Updated February 9, 2021
Mortgage renewal is the perfect time to reorganize your finances based on your life goals. Here are 3 things to consider before settling on a mortgage agreement that’s right for you.
1. Your future plans
What term should you choose: 1 year, 3 years, 5 years or 10 years? Five years might not seem very long, but in a budget, it can be. To assess your needs and to prepare for the unexpected, have a clear idea of what’s coming up for you.
Thinking about moving?
“Anyone planning to move within 6 to 18 months might want to first consider an open mortgage. The interest rate will be a little higher, but there won’t be a mortgage penalty when the loan is closed. Depending on the situation and how much they have left to pay on the mortgage, the interest costs and so on, a closed loan can be a good solution,” says Patrick Champagne, a development advisor with Desjardins.
Planning expansions or renovations?
Depending on your equity (the part of your home you own), you might need mortgage financing or refinancing. Even if you’re not planning to start your project for another year or two, why not plan to use the best financing solution when you renew? A home equity line of credit - This link will open in a new window. could be a good potential solution.
Want to pay off your mortgage faster?
Set up an automatic “home” emergency fund in a tax-free savings account (TFSA) or another savings account by depositing the equivalent of 10% or more of the mortgage payments.
It can help you deal with unexpected expenses, and if you don’t end up needing that money, you can use it to repay part of your loan once a year:
- Closed loan: up to 15%, penalty-free, of the initial amount borrowed or increase the payment, up to double the amount
- Open loan: no limitations, but the interest rate is higher
What solution is best? It all depends on your financial capacity and how many years are left on your mortgage. For example, at a time when mortgage rates are 3% and RRSPs offer 6% returns, it might be better to take advantage of the returns, contribute to your RRSP and apply the tax refund to your mortgage.
2. Your financial commitments
To find out how much flexibility you have with your budget, calculate the monthly payments for your:
- Credit cards and lines of credit (monthly minimums)
- Personal loans (such as a student loan)
- Other payments, like child support
Tip: We recommend keeping your financial commitments to no more than 35% of your gross household income. Your financial commitments include your mortgage payments and other home-related expenses (like property taxes, school taxes and energy costs).
Have you been finding it hard to balance your budget lately because your income has taken a hit?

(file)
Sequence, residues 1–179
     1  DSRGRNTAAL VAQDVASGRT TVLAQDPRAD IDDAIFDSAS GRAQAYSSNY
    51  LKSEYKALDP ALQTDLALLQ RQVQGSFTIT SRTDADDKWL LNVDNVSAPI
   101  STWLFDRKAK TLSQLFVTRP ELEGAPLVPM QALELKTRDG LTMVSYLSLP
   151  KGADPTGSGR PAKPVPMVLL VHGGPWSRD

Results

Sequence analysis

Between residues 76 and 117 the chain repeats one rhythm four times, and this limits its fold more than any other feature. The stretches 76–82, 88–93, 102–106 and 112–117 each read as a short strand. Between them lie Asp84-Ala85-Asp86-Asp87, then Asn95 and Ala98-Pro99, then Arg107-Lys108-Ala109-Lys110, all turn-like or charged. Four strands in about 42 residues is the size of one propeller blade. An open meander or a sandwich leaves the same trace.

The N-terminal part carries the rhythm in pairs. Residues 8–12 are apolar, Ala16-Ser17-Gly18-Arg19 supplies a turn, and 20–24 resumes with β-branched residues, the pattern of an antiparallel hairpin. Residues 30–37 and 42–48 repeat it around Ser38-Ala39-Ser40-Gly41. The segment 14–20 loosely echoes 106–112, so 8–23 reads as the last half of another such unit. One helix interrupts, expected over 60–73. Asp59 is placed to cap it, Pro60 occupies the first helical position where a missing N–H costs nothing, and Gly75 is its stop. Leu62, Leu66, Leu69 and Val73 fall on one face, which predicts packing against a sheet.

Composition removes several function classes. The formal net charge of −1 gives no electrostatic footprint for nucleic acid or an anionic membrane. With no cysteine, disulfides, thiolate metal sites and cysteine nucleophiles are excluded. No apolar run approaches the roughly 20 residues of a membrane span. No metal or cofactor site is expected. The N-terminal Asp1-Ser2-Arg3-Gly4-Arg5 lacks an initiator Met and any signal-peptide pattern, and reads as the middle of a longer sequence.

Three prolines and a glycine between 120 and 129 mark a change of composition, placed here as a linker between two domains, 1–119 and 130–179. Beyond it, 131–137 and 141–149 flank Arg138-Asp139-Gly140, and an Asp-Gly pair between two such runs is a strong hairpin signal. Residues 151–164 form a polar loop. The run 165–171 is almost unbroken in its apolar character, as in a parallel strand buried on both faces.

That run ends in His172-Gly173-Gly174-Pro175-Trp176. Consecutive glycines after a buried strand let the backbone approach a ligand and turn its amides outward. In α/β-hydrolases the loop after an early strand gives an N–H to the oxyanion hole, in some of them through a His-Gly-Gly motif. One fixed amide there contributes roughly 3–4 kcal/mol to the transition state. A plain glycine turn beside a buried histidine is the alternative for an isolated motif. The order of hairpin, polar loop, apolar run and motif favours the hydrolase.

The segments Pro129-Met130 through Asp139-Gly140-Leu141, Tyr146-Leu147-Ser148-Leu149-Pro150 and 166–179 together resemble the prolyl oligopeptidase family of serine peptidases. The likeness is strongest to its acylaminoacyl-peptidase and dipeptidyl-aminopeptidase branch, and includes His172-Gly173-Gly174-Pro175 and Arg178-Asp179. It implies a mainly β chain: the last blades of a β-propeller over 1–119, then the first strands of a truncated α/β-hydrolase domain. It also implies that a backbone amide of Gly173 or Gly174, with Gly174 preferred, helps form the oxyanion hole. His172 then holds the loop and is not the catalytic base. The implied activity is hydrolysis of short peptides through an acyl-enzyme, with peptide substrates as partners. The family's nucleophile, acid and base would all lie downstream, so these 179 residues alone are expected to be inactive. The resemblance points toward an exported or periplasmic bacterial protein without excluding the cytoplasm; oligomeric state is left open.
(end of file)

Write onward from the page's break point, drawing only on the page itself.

Don’t worry: you’ll still be able to renew your mortgage.
Here’s some basic advice:
- Review your budget based on your current situation and set up an emergency fund through automatic savings, if you haven’t already
- Put off non-essential spending
- Use credit wisely
The article Adjusting your budget during COVID-19 - This link will open in a new window. can help.
Do your mortgage payments make up a big part of your budget?
No matter what type of rate you choose (fixed or variable), your mortgage payments will always be a set amount.
For variable-rate mortgages, the portion of your payment that is applied to the principal will vary, depending on the rate.
Does your budget allow you to absorb payment variations?
The variable rate fluctuates based on the Bank of Canada’s key rate; mortgage payments go up and down throughout the term. Historically, the variable rate often turns out to be better in the long term in terms of interest cost and repayment of capital than 4- or 5-year fixed rates.
Do you share the loan payment, but don’t have the same financial flexibility?
Combining fixed and variable rates allows you to split the financing in 2 or 3 loan portions. That means the repayment will be individualized according to your preferences with respect to the term, amortization period, payment frequency and so on.
3. Housing market conditions
The real estate market was hit hard by the pandemic in 2020, and things are still shaky.
The second wave has increased economic uncertainty in the short term, but the start of vaccinations may create a more optimistic outlook by summer 2021.
This is the third consideration when renewing your mortgage, because interest rates fluctuate based on the country’s economic situation. Interest rates are currently at a low, and the Bank of Canada does not expect to increase rates until at least 2023.
The important thing is to fully understand your available options. Here are a few different possibilities to explore and consider - This link will open in a new window..
If you have questions, your advisor can walk you through the renewal process and explain your options. If you’ve been affected by the pandemic, your advisor can help you find the right solution for your financial situation.
Will your mortgage be up for renewal soon? Renew online through AccèsD—it’s easy! You can renew penalty-free up to 120 days before your mortgage term ends.